As Pabmusic notes; you do not need something as complex as a single-celled organism to have something that looks like life. This includes pre-cellular forms that were produced (e.g. by Earth’s geology) rather than reproducing.

    That said, reproduction is not such a difficult trick. Chemical reactions are predictable. As the Briggs–Rauscher and Belousov–Zhabotinsky oscillating reactions show an open system – such as the Earth, constantly fed energy by the Sun – will spontaneously do work at the chemical level. On this basis, we know that the emergence of chemical reproduction is highly probable. It is only a few baby steps from chemical reproduction to a life that reproduces.

    Most of the above is covered by a series of theories-in-development called Self-Organisation. However, as this paper explores, self-organisation lacks quantitative measures and, therefore, is not considered proper science as it is often unable to make accurate predictions.

    If you want to drive your understanding of the origins of life back beyond cellular life-forms you need to study physical chemistry and biopoiesis. I’m not so confident that I would put money on it, but self-organisation chemistry theories emerging from chaos theory, which will lead to some current biopoiesis theories being winnowed out, seems a likely way forward.

    Pabmusic also notes one other very important point. If self-organisation in chemistry is true at any level (and observation says it is) then the emergence of reproducing chemistry, and therefore life, is highly probable providing there is sufficient diversity of chemistry and enough energy. Clearly, neither of these conditions poses a problem on Earth. It seems almost trivial to ask: When those conditions existed how many entities that could reproduce would the conditions create? It seems, statistically, highly likely that it would produce large quantities.

    But evolution teaches us something amazing: It only had to happen once.

    Peace.

    • In reply to #5 by Stephen of Wimbledon:

      Pabmusic (Comment #2) has given you an excellent answer.

      If I may, a few additions.

      Life is usually defined along the following lines. Life is a condition of an individual entity with all or most of the following conditions:

      Capacity for growth
      Capacity for reproduction
      Functional activity (e.g…

      It seems like your explanation would have to be true. As a layman, my only question is, have we been able to prove in the laboratory that such chemicals do reproduce?

  6. How is it that the first living organism had offspring? Wouldn’t one expect, under undirected circumstances, that the first living organism that came into being accidently would eventually just die without having the foresight to reproduce?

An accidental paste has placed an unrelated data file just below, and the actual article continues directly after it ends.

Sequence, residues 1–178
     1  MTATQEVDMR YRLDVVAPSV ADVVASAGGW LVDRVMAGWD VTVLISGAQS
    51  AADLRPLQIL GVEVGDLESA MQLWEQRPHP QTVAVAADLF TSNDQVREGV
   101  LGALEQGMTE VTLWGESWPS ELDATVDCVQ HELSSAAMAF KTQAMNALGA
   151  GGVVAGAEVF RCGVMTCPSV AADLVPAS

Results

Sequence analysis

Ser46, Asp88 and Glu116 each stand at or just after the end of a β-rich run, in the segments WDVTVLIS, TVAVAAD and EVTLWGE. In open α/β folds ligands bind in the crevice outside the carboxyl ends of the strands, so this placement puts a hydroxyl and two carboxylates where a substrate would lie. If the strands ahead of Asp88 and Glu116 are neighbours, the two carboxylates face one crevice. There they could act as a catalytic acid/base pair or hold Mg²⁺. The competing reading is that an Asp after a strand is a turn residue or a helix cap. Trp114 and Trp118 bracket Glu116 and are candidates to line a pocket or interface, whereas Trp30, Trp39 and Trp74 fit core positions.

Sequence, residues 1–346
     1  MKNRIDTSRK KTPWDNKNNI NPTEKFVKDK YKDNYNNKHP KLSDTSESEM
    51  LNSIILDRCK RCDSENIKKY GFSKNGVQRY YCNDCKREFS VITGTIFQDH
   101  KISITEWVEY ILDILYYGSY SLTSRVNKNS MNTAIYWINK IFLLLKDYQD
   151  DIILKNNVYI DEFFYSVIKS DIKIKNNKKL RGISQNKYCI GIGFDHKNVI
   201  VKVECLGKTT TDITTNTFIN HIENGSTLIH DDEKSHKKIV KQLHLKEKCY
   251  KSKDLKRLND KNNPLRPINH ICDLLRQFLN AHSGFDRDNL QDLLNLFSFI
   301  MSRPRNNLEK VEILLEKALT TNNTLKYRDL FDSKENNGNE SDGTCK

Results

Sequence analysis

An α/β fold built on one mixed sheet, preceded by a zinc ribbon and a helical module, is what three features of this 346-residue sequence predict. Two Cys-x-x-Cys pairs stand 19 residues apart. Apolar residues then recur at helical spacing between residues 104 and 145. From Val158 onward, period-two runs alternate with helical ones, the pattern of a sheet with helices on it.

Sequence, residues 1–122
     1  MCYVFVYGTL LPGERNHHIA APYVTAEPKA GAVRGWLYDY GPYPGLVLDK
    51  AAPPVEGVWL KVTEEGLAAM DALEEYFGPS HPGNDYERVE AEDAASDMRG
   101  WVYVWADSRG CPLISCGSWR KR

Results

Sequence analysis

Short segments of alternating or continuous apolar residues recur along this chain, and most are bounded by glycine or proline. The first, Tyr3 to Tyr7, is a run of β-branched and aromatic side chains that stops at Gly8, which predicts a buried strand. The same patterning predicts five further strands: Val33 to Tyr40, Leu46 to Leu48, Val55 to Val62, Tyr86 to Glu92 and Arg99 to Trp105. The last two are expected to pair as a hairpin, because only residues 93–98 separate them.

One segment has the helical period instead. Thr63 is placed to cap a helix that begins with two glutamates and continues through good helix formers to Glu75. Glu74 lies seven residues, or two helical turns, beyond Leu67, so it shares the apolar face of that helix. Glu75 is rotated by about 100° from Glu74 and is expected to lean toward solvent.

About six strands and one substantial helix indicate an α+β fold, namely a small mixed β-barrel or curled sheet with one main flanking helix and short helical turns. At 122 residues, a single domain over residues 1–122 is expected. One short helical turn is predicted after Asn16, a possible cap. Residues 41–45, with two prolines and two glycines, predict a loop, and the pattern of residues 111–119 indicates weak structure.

The obvious thing to say that is that instinct or foresight was not in play. The ‘environment’ was the instigator and sustainer of sex. Wind , rain , sun , chemical properties etc. The whole rational of evolution and natural history would suggest that.

    I think the big question is how genetic exchange and the splitting or organisms into male and female got started at all. I suppose as another poster said , it only needed to happen once.

    • In reply to #6 by Pauly01:

      The obvious thing to say that is that instinct or foresight was not in play.

      The early developments following abiogenesis and millions of years of evolution, pre-dated the evolution of two sexes, with horizontal genetic exchange producing diversity for selection (as it still does in bacteria). LUCA estimated to have lived some 3.5 to 3.8 billion years ago was the first common ancestor to ALL present-day life on Earth. You rightly point out – Evolution does not have “foresight”. It is opportunist!

      The ‘environment’ was the instigator and sustainer of sex. Wind , rain , sun , chemical properties etc. The whole rational of evolution and natural history would suggest that.

      Origin of sexual reproduction

      In the eukaryotic fossil record, sexual reproduction first appeared by 1200 million years ago in the Proterozoic Eon.[49] All sexually reproducing eukaryotic organisms derive from a common ancestor which was a single celled species.[1][41][50][51] Many protists reproduce sexually, as do the multicellular plants, animals, and fungi. There are a few species which have secondarily lost this feature, such as Bdelloidea and some parthenocarpic plants.

      I think the big question is how genetic exchange and the splitting or organisms into male and female got started at all. I suppose as another poster said , it only needed to happen once.